Research Project – Analyzing the Results

Let’s look at the results of your survey. Log into Qualtrics.


Now that we know a bit more about how to conduct a simple statistical analysis using Qualtrics, we can begin to analyze the results of our own study.

  1. What is the total number of respondents?
  2. If you sent out 100 emails. What is your response rate?
  3. How many are males/ females? What is this in percentages?
  4. What percentage of the respondents are Republicans, Democrats, Independents, and Unaffiliated?
  5. What is the distribution of ethnicities?
  6. What is their mean age?
  7. What is the distribution of frequencies for their ideological orientation?
  8. Let’s compare means: What is the average (mean) age of males? What is the average (mean) age of females?
  9. Let’s start by looking at the Freq. for those who have had an issue with addiction. How many people answered yes? What percentage of the all respondents is this?
    Now, let’s see if there is a difference by Sex.
    Provide the percentages for Sex by Addiction: What percentage of males have had an issue with addiction? What percentage of females have had an issue with addiction?
  10. Now, look at your own dependent variable. First calculate the Freq. Then the mean. Then create a crosstab with your DV and IV. remember to put the DV in the column and the IV in the row. Also  be sure to select row percentage.

You will now write a report based on the analysis of the survey data.  You may pull from previous assignments as needed. Your report should contain the following sections (use subheadings to demarcate the sections):

1. INTRODUCTION – A simple introduction of about 250 words. Provide a brief background on this topic and why it is of interest. Use the GSS data to introduce and frame your own research (ie report the statistics from the GSS). Then, pose your hypothesis.

2. CHARACTERISTICS OF THE RESPONDENTS – provide a brief summary (about 250 – 500 words) of the demographics of the respondents. This should include their average age, sex distribution, ethnicities, working or not, etc. Use at least one simple table to help explain the data.

3. FINDINGS – the first subsection of your findings should be a summary of the descriptive statistics for your questions (250 – 500 words). You should provide 2-3 simple tables to illustrate.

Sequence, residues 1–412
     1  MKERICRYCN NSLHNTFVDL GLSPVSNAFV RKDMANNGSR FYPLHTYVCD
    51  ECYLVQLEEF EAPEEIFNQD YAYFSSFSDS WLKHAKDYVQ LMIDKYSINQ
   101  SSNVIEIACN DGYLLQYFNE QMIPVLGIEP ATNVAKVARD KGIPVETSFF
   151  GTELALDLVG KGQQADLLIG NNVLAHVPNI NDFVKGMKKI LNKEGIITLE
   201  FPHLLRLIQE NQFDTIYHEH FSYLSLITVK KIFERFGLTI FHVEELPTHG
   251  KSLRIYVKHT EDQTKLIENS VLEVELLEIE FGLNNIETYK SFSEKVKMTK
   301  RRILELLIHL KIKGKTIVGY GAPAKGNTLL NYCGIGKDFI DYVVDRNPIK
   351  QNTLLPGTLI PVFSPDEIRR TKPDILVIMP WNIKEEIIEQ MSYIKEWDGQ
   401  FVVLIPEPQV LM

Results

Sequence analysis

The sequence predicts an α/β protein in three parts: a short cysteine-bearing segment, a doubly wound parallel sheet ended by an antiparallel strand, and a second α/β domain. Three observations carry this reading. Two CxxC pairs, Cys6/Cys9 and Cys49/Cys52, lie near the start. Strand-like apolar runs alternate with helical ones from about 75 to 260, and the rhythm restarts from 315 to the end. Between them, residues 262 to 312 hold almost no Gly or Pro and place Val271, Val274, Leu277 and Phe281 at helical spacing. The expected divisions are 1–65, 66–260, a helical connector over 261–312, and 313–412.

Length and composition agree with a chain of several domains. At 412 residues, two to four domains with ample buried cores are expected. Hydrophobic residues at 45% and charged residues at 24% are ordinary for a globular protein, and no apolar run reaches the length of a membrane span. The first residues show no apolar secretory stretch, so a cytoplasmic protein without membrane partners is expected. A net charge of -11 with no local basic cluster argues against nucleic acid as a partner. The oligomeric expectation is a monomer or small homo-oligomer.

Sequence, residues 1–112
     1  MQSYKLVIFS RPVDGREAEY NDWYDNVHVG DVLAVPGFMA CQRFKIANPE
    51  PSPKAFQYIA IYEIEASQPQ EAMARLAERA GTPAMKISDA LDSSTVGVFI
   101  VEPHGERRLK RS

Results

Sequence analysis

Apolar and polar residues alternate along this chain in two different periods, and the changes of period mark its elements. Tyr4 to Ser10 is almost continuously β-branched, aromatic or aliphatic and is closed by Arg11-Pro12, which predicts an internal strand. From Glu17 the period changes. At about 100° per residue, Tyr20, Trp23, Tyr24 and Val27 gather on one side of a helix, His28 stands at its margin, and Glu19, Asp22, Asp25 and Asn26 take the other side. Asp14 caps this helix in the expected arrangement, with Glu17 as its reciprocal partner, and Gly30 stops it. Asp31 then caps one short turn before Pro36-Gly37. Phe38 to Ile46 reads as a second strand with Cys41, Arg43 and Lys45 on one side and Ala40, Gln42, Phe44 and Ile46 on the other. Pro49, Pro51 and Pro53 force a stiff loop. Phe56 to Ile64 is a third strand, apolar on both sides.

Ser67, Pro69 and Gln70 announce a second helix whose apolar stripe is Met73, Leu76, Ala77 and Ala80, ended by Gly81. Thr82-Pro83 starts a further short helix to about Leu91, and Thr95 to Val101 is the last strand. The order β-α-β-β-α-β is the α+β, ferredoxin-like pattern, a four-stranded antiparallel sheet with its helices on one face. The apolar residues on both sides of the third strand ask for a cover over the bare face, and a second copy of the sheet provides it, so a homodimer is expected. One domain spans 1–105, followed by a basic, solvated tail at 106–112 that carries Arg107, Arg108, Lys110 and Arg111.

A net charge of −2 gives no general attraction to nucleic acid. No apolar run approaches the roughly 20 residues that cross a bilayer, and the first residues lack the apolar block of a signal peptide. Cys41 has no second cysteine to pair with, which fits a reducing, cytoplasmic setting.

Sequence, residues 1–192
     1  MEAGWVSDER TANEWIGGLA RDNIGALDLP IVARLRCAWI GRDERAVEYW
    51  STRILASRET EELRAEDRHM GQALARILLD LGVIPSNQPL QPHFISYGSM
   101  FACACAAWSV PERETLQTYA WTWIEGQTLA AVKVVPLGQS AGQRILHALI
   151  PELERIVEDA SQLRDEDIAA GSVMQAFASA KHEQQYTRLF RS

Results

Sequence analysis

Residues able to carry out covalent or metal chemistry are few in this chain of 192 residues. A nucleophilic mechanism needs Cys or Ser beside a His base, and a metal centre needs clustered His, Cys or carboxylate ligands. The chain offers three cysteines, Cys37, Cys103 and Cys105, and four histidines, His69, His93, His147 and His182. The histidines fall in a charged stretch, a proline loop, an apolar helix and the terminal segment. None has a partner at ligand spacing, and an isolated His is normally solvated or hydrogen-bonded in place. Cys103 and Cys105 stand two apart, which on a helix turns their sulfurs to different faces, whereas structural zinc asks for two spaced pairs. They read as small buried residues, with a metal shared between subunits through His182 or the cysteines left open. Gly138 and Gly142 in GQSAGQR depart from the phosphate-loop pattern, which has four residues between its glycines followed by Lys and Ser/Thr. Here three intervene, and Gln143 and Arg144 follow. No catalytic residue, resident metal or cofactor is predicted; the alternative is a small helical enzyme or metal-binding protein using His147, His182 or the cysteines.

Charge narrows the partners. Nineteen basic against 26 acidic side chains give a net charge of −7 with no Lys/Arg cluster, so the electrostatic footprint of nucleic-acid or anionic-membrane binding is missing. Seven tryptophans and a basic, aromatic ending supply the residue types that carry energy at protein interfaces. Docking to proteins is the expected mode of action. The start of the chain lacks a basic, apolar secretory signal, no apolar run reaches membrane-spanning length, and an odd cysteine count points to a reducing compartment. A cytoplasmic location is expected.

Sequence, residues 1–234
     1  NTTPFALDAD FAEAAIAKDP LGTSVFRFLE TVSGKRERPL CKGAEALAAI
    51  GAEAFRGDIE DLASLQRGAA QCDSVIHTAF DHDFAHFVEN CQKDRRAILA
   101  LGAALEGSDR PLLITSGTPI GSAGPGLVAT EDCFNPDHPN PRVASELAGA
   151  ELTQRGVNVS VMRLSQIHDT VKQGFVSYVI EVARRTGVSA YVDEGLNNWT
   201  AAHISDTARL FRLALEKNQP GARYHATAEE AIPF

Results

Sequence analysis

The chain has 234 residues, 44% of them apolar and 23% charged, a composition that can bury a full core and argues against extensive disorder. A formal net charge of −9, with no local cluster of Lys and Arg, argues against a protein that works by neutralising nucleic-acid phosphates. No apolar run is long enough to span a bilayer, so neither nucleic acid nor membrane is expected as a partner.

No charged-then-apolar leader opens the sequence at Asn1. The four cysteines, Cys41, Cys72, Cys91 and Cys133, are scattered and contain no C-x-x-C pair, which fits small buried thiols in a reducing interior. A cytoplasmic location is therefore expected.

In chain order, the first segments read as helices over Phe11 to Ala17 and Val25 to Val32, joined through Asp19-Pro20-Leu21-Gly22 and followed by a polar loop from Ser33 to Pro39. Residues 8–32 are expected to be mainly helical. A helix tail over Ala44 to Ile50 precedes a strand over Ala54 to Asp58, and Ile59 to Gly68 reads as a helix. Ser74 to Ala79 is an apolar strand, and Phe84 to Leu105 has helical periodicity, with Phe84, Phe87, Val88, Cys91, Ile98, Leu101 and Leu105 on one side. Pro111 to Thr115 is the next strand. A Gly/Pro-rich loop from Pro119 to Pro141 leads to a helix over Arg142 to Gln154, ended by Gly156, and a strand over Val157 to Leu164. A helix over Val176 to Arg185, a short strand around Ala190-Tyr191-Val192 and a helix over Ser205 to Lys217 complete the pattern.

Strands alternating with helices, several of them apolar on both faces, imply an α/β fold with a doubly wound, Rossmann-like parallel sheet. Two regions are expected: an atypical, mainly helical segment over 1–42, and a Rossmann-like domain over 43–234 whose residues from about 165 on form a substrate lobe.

The next subsection should test your hypothesis. This may involve a comparison of means, a crosstabulation, or other comparative statistical analysis (another 250 to 500 words). Again you should use 1-2 tables to support.

BONUS – Look for other variables that better explain your findings or challenge your findings. See if any of the other questions will prove better than those you posed.

4. DISCUSSIONS AND CONCLUSION – wrap up this brief analysis with a summary of findings, whether your null hypothesis was disproved(supporting your hypothesis), how UNCG students compare to the GSS respondents, and what implications (if any) may be drawn from the data (about 250 to 500 words). Also point out any limitations to the questions or data and what the next step would be in researching this issue.

This entire section should be about 5 pages minimum not counting tables (1250 words or more).

Write well!!

Checklist for presenting quantitative data analysis

  • Do the results that you have presented relate to your original research
  • question/s?
  • Have you included all the results you need to support your argument?
  • Have you included results that are not needed?
  • Have you commented on all of the results?
  • Have you used to best presentation of your results (tables, graphs,
  • diagrams, words)
  • Have you labelled all of your tables and figures?
  • Have you referred to all your tables and figures in the main text? If not, do
  • you really need them?
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